There are two new articles coming out recently. One is from my relatively new blogosphere research where I compared Iranian and Indonesian blogosphere and the other is an article that I finished long time ago and it’s been delayed at the publisher/editor, even though my article was fully accepted with zero revision. The second article is on meta-narrative, which is conceptually still valid and will retain its currency at any moment even though the cases were past time.
Here is an excerpt and a link to my latest article, the first one I mentioned above: Continue reading
Yesterday I got a book in my mailbox. Entitled “Networked Publics“, the book is a result of the collaboration of 13 scholars, including me, at the Annenberg Center for Communication of University of Southern California. My contribution is the chapter on politics.
The book itself is available for purchase from Amazon.com.
# Hardcover: 176 pages
# Publisher: The MIT Press (October 31, 2008)
# Language: English
# ISBN-10: 0262220857
# ISBN-13: 978-0262220859
Last Monday, Kevin Finneran, Editor in-Chief of Issues in Science and Technology, came to where I work (CSPO ASU) to give a workshop on how to write op-ed. It was a useful and enjoyable one-hour-and-half workshop.
Here are some tips from him as copied from my notes… plus some pics from google!
Ten worst role models for writing op-ed (for general audience) Continue reading
Since 2003 I no longer submitted any abstracts/proposals to any regular conferences, except if there’s a bigger purpose to attend besides the conference itself. I got tired with big conferences where everything is too big and vague, with too many parallel sessions. My first year of PhD studies, I still sent abstracts to compete for an acceptance though I only attended when funded. Later on, still during my grad student era, as soon as I published articles internationally, I started getting invitations to speak, which of course came with funding. And like a never-ending miracle, invitations keep coming. Weird, isn’t it? Think about it…. I never understand why I could be that lucky.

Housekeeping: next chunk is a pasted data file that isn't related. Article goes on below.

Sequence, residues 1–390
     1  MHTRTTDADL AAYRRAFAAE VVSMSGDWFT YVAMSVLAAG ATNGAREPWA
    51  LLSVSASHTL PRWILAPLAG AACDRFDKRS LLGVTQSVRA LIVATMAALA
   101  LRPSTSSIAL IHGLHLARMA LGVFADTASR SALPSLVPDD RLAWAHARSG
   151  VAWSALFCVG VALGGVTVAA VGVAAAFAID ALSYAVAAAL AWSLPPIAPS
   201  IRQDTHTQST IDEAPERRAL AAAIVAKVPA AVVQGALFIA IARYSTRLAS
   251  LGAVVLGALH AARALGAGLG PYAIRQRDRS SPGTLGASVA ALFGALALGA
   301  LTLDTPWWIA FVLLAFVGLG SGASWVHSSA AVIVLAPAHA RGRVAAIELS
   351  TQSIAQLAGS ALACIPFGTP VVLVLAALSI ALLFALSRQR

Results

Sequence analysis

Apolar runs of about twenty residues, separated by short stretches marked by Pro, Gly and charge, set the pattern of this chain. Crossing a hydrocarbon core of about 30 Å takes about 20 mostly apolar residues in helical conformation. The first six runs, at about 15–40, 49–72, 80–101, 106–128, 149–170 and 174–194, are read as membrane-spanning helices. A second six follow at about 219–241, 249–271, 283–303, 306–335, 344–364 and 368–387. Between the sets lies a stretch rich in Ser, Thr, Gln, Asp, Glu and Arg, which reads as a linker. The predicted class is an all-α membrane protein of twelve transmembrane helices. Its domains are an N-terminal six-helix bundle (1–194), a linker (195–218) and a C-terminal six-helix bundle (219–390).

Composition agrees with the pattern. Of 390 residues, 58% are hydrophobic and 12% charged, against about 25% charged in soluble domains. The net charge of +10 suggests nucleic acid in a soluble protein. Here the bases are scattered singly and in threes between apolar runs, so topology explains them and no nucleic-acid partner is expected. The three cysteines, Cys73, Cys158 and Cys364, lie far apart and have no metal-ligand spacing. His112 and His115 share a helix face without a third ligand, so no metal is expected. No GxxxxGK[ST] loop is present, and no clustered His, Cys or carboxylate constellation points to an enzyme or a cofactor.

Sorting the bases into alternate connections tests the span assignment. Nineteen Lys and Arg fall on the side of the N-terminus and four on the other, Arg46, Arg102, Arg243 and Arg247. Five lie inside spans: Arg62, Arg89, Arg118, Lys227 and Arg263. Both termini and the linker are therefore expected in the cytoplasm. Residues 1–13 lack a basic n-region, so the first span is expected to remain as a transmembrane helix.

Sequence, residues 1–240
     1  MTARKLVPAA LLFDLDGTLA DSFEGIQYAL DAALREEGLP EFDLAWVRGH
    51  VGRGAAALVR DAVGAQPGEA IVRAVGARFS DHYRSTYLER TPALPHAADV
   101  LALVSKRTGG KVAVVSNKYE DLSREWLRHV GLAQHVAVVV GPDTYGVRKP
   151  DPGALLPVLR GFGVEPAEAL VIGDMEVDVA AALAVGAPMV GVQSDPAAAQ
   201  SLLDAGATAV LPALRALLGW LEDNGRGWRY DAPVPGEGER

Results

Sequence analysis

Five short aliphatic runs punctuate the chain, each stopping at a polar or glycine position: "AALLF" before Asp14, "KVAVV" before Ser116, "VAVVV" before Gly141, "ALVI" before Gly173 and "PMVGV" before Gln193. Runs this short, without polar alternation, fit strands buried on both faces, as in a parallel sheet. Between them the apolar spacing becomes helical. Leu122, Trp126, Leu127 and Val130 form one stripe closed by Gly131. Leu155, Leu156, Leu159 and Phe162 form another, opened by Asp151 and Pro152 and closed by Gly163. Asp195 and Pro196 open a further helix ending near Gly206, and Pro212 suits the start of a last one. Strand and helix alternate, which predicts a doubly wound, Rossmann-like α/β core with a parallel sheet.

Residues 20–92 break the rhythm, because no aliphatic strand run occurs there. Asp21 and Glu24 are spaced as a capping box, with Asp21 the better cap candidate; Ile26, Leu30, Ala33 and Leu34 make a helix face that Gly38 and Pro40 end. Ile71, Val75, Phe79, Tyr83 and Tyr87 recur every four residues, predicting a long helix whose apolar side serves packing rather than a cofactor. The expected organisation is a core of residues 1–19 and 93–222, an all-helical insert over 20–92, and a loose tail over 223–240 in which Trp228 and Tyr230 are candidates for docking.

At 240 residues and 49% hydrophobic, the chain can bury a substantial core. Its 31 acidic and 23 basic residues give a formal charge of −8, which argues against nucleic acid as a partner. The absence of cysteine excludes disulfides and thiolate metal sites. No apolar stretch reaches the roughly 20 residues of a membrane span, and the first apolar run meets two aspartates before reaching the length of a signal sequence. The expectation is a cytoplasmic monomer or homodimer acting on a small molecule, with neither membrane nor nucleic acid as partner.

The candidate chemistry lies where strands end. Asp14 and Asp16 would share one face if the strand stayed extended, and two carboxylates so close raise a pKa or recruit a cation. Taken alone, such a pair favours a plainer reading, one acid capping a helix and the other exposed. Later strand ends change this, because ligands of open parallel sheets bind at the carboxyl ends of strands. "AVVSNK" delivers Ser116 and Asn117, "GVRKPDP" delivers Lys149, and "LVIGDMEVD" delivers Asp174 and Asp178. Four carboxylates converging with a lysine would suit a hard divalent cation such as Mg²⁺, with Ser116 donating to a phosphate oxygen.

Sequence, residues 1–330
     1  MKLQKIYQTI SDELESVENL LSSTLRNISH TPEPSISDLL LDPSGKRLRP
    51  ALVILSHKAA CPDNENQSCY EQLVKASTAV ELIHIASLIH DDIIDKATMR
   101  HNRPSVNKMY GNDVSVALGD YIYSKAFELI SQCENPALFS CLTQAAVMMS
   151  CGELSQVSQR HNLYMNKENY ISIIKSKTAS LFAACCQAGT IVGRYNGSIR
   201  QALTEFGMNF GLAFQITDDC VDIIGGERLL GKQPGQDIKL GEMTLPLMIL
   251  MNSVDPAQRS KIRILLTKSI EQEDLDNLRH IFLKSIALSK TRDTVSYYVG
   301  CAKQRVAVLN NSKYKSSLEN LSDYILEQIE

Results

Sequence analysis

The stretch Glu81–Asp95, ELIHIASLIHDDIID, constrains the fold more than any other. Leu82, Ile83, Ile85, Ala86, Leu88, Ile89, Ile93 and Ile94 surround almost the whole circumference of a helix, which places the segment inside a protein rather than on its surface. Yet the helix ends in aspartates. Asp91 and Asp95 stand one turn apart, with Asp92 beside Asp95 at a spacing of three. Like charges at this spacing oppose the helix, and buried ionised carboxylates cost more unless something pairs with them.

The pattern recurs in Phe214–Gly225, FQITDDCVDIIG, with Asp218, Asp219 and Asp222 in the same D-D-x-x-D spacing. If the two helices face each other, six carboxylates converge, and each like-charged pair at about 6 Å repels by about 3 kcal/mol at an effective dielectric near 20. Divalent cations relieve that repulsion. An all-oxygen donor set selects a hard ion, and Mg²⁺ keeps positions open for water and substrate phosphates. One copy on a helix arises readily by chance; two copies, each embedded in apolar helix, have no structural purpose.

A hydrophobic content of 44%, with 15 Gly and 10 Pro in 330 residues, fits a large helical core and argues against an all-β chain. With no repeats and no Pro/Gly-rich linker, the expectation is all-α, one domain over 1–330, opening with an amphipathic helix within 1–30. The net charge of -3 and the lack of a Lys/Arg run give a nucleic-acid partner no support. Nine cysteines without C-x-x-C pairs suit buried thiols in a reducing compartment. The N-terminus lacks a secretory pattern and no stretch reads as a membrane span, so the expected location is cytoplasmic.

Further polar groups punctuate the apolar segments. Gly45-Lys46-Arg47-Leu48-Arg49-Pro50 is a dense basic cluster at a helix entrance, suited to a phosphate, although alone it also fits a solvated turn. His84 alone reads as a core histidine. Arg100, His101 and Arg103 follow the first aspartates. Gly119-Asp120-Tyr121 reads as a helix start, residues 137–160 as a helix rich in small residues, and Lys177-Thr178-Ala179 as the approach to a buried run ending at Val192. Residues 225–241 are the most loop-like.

Today is the first day of Spring Semester. I am excited to start my semester, however, my body is still in a different timezone. During the break, I went to bed at around 4 — 5 am. And started my day in the afternoon, as if I lived in Auckland or Casablanca or anywhere in the world with GMT +11 or GMT +12. Unfortunately, I live in GMT -7!
It’s been too long, really. More than three years. At last, finally the book from our civic space project is out. I have my chapter there, Chapter 11, about civic spaces in Jakarta. Sadly, the book is too expensive for regular people to buy so only libraries (in developed countries) will have the book. I wish this kind of book can be cheaper. But I am trying to get my e-copy so I can put it online, just like what I have been doing with my other publications. Fingers crossed, I hope to get the file very soon.
update Dec 15, 2007: the chapter is already online here.
In the book reviews section on its September edition, Resource Center for Cyberculture Studies (RCCS) of the Department of Communication at the University of Washington published two reviews on the book entited Asia.Com: Asia Encounters the Internet. This book was published in 2003 by Routledge and edited by KC Ho, Randy Kluver, and CC Yang, and I contributed one chapter entitled “From Cyber to Virtual (and back again): Public Sphere, Civil Society and the Internet in Indonesia”. Continue reading
Reporters Without Borders or Reporters sans frontiÃ¨res has just released a handbook for bloggers and cyberdissidents who want to protect themselves from recrimination, censors and surveillance. The handbook, partly funded by French government, is meant help cyberactivists with handy tips and technical advice on how to get round censorship and surveillance by strategizing the uses of blogs for various situations. Continue reading